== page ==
- Law also has notes on other notable Puerto Ricans. Of those he profiled, he seems most enamored with Jose Miranda, citing great bat speed, some power, and a need for more polish. He’s currently a shortstop with a chance to stick at the position, but Law sees him as a better fit for second or third base.
- Since 2012, the Astros have the best minor league winning percentage, writes J.J. Cooper of Baseball America. Incidentally, that window corresponds with GM Jeff Luhnow’s tenure. The club does well to reward its minor league affiliates, including rings and big team dinners when they win a championship. First base prospect Tyler White offers an interesting anecdote – he’s won a championship in High-A, Double-A, and Triple-A over the last three seasons. The winning culture not only means the club has a talented bunch of minor leaguers, it’s also good for player development.
A very small step to right an awful injustice. The NCAA has an economic interest in keeping unpaid labor (let’s face it, that’s what amateur college athletes are) as powerless as possible, but in what line of work would we prohibit anyone from getting adequate counsel–and children especially.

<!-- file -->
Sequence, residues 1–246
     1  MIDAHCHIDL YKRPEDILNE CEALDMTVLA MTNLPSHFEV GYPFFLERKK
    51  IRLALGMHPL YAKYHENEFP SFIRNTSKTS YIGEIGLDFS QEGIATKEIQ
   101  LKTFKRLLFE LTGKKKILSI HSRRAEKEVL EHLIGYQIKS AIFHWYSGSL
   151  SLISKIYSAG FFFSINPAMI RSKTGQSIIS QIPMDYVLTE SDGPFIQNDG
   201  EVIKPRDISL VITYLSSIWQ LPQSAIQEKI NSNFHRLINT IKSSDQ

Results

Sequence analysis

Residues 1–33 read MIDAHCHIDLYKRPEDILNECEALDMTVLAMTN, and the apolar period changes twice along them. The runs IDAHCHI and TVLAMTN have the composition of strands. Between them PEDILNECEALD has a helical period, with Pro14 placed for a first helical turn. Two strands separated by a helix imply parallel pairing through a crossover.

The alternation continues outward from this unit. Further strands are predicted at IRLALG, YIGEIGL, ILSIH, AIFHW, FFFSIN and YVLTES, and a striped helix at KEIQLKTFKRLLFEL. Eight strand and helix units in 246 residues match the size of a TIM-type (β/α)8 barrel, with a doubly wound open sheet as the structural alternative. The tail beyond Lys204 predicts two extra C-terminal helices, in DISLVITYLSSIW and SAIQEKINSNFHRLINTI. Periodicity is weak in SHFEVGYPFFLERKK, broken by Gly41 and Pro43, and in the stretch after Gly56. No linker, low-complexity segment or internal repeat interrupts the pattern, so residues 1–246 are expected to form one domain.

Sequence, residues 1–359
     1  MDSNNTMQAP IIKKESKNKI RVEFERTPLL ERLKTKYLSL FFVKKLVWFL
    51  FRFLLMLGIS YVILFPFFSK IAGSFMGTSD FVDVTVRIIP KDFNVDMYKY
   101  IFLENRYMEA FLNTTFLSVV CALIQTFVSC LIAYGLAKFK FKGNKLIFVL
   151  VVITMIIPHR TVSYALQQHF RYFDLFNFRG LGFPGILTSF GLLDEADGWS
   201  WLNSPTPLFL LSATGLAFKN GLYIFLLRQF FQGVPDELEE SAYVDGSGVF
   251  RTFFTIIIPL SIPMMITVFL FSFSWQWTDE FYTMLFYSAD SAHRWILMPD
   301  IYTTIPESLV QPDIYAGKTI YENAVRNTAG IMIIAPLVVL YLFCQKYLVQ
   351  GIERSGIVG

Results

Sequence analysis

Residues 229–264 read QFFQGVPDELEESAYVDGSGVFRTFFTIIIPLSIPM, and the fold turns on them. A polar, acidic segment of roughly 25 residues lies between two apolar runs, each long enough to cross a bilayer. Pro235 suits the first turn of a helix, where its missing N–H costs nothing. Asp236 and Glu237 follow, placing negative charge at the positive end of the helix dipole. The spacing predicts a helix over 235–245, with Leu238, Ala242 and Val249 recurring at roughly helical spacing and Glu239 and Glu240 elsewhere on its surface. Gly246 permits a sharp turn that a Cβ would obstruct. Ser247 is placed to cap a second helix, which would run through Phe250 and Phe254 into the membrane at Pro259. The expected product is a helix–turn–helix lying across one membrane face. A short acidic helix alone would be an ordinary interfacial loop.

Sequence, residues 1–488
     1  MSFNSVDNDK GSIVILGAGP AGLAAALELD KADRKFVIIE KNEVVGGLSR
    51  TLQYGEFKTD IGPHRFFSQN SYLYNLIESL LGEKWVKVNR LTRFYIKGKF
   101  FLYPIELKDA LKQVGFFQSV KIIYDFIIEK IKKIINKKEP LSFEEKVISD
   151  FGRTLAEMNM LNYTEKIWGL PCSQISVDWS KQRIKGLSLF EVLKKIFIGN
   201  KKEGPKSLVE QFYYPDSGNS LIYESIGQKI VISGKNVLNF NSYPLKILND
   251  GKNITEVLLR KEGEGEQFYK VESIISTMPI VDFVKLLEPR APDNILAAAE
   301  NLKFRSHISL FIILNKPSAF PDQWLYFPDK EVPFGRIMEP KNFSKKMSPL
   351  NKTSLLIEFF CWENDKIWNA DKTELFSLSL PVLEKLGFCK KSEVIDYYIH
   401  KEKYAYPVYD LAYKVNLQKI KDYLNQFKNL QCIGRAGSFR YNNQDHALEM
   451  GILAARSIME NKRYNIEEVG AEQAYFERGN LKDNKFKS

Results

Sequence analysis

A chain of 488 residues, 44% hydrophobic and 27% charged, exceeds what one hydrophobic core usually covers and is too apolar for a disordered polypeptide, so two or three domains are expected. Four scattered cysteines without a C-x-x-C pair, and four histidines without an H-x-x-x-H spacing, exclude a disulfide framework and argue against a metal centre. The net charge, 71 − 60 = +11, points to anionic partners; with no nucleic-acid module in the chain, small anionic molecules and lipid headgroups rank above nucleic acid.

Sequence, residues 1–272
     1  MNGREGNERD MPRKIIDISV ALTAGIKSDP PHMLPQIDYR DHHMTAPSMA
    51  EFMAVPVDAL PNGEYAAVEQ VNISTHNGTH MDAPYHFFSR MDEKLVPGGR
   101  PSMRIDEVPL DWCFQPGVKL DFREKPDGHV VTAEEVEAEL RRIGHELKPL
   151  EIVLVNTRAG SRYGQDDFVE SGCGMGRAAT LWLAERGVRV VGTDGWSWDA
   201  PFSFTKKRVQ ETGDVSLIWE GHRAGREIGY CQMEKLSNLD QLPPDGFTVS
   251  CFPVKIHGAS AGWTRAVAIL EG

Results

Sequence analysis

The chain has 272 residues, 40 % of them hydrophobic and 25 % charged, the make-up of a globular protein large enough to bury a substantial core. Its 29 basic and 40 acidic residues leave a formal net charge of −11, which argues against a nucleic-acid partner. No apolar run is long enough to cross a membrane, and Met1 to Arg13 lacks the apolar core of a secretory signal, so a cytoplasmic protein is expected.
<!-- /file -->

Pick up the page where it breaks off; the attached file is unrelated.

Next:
Jorge Soler Powered
They aren’t unpaid labor. They are getting free education that non-Athletes pay small fortunes or end up in debt for. And they get to play a game!
We are going to have to disagree on this. they are entitled to representation when dealing with the MLB. They are able to get scholarships that are merit-based, just as other kids may also get merit-based scholarships for other talents. I agree that college is insanely expensive, but the mere fact that they get a scholarship should not preclude them from getting professional advice. Others with unusual talents are not prohibited from it.